If you'd like a 2022 movie on Amazon Prime that takes place in the 1950s in one indoor place -- a tailor's shop in Chicago -- starts off slowly and builds up to one of the best series of twists and turns that I've ever seen in a few hours on the screen, check out The Outfit.
[Some spoilers ahead ... ]
Here's the set-up: Leonard is a British tailor, with a love of his craft, in Chicago -- but he'll correct you if you call him a tailor, he's a "cutter" -- and Mable sits at the front desk of the shop. The local mob uses his shop as a dropbox for its illicit cash. The action starts up when the mob boss's son shows up with a bullet in his belly, accompanied by his gunman, Francis.
From that point on, what begins as almost a PBS documentary on tailoring in the 1950s, progresses to an edge-of-your-sear taut thriller of a movie, with major characters turning out to be not who you were given to believe they were, and surprise upon surprise emerging faster and faster until you're left mouth agape at the end, simultaneously stunned and realizing yes, it all made sense, after all.
Two points about the plot, one which turns out not be a criticism, the other a slight criticism:
1. A crucial part of the story is a small, portable reel-to-reel tape recorder. I did some doo-wop recording with my Bronx group, the Transits, in the early 1960s, and had been thinking all these years that the tape recorder we used, at Paul Gorman's house (our bass singer) off Allerton Avenue, was a new invention. The Outfit takes place in 1956, so I was a little skeptical that even the FBI would have had one back then, but I did a little research and it turns out they were in use since the early 1950s. Creds to the producers of the movie, who must have done some research, too.
2. There was a least one crucial case in which someone whom we thought was shot dead not only survived but was soon back in action. But, ok, lots of movies and TV shows do this kind of thing, and it was the only thing that didn't ring true to me in an otherwise precisely cut story. (And I've also said many times that, unless you see a character's head literally blown apart or chopped off or shot through and through, there's always a chance you'll see him or her up and about, if usually at a later time.)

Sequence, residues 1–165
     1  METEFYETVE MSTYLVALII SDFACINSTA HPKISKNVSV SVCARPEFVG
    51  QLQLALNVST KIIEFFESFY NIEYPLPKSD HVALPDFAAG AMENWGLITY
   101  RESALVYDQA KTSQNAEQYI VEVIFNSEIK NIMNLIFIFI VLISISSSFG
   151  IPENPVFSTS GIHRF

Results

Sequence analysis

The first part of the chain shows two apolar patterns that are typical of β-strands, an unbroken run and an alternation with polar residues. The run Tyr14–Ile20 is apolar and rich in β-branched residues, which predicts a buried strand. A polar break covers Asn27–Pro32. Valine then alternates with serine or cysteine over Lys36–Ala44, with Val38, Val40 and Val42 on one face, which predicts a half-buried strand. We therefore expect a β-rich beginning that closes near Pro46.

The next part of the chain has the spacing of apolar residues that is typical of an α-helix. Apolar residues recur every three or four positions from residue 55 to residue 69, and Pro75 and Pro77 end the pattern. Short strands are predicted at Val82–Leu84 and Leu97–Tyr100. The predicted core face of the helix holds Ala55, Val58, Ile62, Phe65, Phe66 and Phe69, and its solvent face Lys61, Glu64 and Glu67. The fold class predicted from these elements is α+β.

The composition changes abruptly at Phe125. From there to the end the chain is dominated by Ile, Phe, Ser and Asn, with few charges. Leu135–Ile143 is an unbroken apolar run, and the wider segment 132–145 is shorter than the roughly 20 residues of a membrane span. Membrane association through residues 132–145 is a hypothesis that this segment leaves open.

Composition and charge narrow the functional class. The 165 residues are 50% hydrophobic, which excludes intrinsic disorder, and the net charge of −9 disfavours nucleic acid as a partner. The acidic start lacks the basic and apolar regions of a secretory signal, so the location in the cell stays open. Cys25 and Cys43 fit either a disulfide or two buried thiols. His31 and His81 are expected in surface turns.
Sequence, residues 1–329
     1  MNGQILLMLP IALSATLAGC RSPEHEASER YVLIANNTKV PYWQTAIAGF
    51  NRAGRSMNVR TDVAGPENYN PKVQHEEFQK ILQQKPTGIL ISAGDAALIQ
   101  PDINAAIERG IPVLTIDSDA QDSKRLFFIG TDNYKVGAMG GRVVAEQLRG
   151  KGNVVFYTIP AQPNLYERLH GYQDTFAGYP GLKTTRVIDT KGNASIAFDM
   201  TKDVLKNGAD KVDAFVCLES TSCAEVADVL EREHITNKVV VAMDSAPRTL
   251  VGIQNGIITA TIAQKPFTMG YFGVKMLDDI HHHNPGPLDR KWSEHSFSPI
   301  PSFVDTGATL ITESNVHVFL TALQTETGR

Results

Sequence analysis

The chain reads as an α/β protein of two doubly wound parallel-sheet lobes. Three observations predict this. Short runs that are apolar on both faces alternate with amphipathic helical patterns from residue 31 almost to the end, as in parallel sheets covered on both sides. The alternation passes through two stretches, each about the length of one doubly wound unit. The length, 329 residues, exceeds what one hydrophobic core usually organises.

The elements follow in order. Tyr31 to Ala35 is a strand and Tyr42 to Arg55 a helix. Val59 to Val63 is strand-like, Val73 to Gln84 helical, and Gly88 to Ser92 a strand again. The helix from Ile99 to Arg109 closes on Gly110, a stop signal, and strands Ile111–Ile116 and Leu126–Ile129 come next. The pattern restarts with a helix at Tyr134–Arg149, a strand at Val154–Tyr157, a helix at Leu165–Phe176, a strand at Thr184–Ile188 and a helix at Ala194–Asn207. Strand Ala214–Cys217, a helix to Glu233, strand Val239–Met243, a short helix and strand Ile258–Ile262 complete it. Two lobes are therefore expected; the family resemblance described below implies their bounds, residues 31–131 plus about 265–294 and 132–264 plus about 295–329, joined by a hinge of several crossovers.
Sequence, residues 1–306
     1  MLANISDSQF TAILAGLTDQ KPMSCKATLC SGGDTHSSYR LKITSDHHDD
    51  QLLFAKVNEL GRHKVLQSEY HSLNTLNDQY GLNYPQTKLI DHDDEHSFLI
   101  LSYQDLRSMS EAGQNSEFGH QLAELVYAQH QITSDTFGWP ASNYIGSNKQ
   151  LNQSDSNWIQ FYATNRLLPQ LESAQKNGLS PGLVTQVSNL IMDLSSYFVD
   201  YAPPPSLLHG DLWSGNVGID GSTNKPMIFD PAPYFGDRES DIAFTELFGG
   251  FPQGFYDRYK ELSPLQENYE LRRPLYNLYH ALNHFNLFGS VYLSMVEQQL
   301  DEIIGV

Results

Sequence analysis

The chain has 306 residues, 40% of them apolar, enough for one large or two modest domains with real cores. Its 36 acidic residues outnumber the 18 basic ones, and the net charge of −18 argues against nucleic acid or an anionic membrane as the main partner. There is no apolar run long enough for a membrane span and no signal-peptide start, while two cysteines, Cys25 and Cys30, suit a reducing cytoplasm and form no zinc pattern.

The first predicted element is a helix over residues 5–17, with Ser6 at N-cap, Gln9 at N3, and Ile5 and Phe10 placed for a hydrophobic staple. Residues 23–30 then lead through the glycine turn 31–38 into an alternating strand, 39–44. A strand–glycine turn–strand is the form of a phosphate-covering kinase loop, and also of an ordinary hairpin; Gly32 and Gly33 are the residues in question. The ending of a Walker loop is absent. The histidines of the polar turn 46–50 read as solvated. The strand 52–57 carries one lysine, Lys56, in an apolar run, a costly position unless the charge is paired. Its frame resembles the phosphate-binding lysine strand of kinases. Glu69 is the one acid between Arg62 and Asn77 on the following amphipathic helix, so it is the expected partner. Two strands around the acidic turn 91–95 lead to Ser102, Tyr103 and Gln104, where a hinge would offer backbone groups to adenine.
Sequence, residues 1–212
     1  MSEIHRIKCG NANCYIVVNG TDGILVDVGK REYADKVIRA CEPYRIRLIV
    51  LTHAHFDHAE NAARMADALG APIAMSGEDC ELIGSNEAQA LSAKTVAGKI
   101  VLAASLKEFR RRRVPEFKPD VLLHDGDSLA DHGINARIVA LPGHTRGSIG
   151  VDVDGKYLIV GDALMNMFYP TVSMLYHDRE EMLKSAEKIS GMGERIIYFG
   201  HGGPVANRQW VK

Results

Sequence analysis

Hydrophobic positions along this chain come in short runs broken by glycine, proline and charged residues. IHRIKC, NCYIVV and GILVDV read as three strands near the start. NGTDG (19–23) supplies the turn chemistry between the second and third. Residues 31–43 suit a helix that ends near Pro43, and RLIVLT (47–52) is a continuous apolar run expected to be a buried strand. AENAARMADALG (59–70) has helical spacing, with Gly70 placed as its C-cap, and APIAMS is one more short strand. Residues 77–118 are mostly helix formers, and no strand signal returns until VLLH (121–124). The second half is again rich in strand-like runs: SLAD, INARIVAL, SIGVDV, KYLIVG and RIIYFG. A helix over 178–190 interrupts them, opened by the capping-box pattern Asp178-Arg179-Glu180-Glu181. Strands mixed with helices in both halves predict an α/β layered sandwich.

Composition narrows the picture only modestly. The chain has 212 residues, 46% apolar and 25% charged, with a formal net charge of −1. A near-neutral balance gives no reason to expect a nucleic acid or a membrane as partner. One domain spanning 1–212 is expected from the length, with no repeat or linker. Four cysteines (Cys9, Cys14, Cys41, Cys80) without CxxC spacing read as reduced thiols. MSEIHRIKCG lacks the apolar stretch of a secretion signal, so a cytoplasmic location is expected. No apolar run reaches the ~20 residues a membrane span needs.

The acting was also excellent. Mark Rylance, whose acting in lots of historical and contemporary dramas was superb, is better than ever as Leonard in The Outfit. And relative newcomers (to me) Johnny Flynn as Francis (he did a good job as Ian Fleming in Operation Mincemeat last year) and Zoey Deutch as Mable (I know, that name is usually spelled Mabel, and I have no idea why they went with that spelling here here) were also memorable.
So hats off to Graham Moore who directed and co-wrote (with Johnathan McClain) this exceptional movie. It almost has an Agatha Christie ambience, despite its violence. My wife commented that it felt like a play, because it all took place in a couple of rooms, with the exception of a few establishing shots from the outside of the shop. It's billed as a thriller, and you might be tempted to cut your losses and look elsewhere for excitement after the first ten minutes. But, trust me, stay with with it, you won't be disappointed.